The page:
Impact of pH on the production of l-asparaginase was examined by culturing the strain in a modified Czapek Dox medium supplied with l-asparagine 1.5% broth adjusted to various pH levels ranging from 3.0 to 9.0. The optimal pH achieved at this step was used for further study. To determine the optimum temperature for l-asparaginase production, the strain was cultured in a modified Czapek Dox medium supplied with l-asparagine 1.5% broth at different temperatures ranging from 25 to 50°C for an incubation period of 10 days and the supernatant was used as crude enzyme to calculate the l-asparaginase activity .
Effect of carbon source
In the present study, different carbon sources were added to modified Czapek Dox’s liquid media at an equivalent weight. Various sources of carbon such as mannitol, fructose, mannose, cellulose, and lactose were supplemented with l-asparagine (1.5%) as nitrogen source in the growth media. Thereafter, l-asparaginase production was investigated. The inoculum was added in the medium and incubated at 30°C for 10 days under static conditions ,.
Effect of nitrogen source
As a fact, the nitrogen sources consider the secondary energy source after carbon sources and they play a vital role in the growth of organisms and enzyme production. In microorganisms, amino acids, nucleic acids, proteins, and cell wall components are metabolized by nitrogen (both organic and inorganic forms). In the present experiment, the supplementation of additional nitrogen sources (either organic or inorganic) such as urea, peptone, yeast extract, beef extract, ammonium sulfate was used to determine the maximum enzyme activity .
Characterization of native Streptomyces spp. l-asparaginase
Optimum pH and temperature
The optimum pH was determined by measuring enzymatic activity at 37°C using different buffers (0.1 M) with various pH values as: citrate–phosphate buffer (pH 5.0–7.0) and Tris-HCl buffer (pH 8–9). Assay temperatures of 30–55°C were studied by measuring activity at this range of temperatures for 30 min using 0.04 M l-asparagine as substrate and at the optimum pH values.
Activation energy (Ea)
The activation energy was determined using the slope of a linear plot of the log of the enzyme activity versus 1/T. The enzyme activity (v) was expressed in U (mg protein)–1, the temperature (T) in Kelvin (K), the gas constant (R)=1.987 cal/K/mol, and the activation energy (Ea) in kcal/mol .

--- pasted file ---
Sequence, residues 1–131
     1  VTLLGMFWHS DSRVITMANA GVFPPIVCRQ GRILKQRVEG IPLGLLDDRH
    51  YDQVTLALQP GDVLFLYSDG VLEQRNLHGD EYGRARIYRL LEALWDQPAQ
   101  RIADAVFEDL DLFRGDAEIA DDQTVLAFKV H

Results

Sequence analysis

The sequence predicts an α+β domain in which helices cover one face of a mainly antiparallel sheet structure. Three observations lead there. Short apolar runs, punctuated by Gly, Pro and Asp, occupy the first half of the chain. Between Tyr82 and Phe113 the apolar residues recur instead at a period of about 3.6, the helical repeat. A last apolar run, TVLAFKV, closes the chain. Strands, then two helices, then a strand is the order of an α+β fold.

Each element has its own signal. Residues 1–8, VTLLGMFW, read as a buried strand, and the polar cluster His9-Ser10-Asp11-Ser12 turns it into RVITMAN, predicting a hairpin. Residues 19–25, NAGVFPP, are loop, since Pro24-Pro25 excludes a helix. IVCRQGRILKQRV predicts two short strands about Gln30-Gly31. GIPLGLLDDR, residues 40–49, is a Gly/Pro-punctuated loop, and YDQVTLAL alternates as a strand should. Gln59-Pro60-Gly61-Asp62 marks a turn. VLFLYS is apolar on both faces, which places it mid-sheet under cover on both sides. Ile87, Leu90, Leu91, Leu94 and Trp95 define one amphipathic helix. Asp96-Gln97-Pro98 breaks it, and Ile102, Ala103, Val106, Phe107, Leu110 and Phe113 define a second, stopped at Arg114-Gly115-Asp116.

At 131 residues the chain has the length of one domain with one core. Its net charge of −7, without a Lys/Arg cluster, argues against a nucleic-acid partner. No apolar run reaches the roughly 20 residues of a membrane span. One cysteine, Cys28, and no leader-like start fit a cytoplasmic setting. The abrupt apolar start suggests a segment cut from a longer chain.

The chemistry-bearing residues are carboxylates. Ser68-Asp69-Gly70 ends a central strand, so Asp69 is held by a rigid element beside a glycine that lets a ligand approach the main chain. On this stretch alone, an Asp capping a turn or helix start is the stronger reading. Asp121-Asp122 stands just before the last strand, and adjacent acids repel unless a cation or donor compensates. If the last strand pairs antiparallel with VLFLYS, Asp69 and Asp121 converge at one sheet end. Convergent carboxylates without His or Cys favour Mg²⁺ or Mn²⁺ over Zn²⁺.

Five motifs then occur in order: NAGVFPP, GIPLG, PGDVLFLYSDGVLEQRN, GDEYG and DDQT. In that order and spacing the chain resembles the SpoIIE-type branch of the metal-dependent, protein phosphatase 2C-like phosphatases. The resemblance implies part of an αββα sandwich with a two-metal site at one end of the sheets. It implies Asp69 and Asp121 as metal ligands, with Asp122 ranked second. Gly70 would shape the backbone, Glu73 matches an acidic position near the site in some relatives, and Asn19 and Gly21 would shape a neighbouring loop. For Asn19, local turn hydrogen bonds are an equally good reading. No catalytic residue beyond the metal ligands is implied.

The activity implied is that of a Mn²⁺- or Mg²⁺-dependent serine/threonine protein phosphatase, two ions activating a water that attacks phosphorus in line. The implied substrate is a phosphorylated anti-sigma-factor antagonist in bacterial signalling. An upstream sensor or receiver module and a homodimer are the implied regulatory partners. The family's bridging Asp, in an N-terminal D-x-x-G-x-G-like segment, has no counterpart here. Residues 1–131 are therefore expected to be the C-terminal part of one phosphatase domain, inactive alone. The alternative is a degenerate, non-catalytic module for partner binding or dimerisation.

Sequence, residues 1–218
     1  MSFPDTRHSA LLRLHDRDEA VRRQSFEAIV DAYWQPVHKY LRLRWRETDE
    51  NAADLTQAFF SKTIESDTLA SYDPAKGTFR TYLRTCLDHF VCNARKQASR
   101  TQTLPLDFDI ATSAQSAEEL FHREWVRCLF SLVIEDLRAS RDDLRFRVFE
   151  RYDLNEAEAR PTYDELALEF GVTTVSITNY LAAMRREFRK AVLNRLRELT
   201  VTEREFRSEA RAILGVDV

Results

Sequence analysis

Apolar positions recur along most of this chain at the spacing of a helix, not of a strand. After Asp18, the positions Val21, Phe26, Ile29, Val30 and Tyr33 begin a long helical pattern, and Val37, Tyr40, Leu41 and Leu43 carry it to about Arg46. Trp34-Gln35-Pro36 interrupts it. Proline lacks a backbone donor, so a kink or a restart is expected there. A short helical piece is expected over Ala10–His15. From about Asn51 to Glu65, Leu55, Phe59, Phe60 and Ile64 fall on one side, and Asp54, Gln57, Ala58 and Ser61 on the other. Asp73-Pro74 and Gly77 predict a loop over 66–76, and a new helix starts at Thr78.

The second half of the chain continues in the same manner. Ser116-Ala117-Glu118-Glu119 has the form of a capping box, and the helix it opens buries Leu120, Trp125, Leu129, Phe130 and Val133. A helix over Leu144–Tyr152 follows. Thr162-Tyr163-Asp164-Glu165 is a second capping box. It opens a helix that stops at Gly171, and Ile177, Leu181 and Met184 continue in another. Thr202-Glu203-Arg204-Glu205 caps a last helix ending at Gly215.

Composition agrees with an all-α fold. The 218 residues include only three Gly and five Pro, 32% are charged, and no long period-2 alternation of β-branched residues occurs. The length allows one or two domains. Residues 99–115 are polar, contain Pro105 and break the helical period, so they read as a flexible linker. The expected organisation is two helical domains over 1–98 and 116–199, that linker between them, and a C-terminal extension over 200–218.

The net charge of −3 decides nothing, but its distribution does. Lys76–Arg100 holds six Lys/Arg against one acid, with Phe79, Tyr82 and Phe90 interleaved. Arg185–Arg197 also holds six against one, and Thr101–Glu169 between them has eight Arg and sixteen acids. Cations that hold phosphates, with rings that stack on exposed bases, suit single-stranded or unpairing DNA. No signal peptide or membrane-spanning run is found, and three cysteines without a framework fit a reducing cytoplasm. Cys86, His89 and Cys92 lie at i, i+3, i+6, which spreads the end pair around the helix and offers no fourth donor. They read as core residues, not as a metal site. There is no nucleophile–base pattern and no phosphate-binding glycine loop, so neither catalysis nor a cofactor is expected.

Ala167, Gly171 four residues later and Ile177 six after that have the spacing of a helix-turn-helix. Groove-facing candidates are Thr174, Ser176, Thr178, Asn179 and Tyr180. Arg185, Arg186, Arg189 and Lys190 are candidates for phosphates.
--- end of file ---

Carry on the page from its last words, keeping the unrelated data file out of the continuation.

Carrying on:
Thermal stability of l-asparaginase
The thermal stability of l-asparaginase was investigated by incubating the native enzyme at various temperatures (30–65°C) with different incubation periods (15, 30, and 60 min) in the absence of the substrate. Then, the enzyme was incubated with 0.5 ml asparagine in Tris buffer (1 M, pH 8) at 40°C for 30 min. The relative activities were plotted against different temperature values for each incubation time.
Results and discussion
Isolation and detection for l-asparaginase production by plate assay of actinomycete strain
The isolate obtained was screened for the production of the enzyme l-asparaginase by using the plate assay method (qualitative method). The results obtained showed a high intensity of pink coloration for the tested culture ([Figure 1]).
|Figure 1 Results of plate assay method for qualitative determination of l-asparaginase production by Streptomyces griseoplanus. (a) Control without inoculation. (b) Positive asparaginase activity by qualitative plate assay method.|
Click here to view
Identification and phylogenetic analysis
The isolated strain was determined by the 16 s rRNA gene sequence (1000 bp). It was found that the 16 s rRNA gene sequence of the isolated strain was similar to that of many species of the genus Streptomyces spp. according to a BLAST search  of the GenBank database. The costruction of a phylogenetic tree ([Figure 2]) based on 16 s rRNA gene sequences of members of the genus Streptomyces spp. was attained according to the bootstrap test of the neighbor-joining algorithm method of Saitou and Nei  with MEGA4 .
|Figure 2 Phylogenetic tree showing the relationships of the organism and their closest relatives according to the 16 s rRNA gene.|
Click here to view
According to sequencing similarities and multiple alignments, the isolate was found to be closely related to the S. griseoplanus strain NRRL-ISP 5009 16s ribosomal RNA gene with 85% identity.
Identification and phylogenetic analysis
Use of different media for growth and production of the enzymes
Comparative analysis was carried out by inoculating the culture in different media in order to obtain increased growth and production of the enzyme. Results have shown that higher enzyme activity was observed in modified Czapex Dox broth (medium II) as compared with other media used ([Figure 3]). Medium II showed better enzyme production (99.01 U/ml); this might be attributed to the fact that sucrose has an inductive effect as it makes a great stabilization of enzyme . Medium II was selected for all further experiments.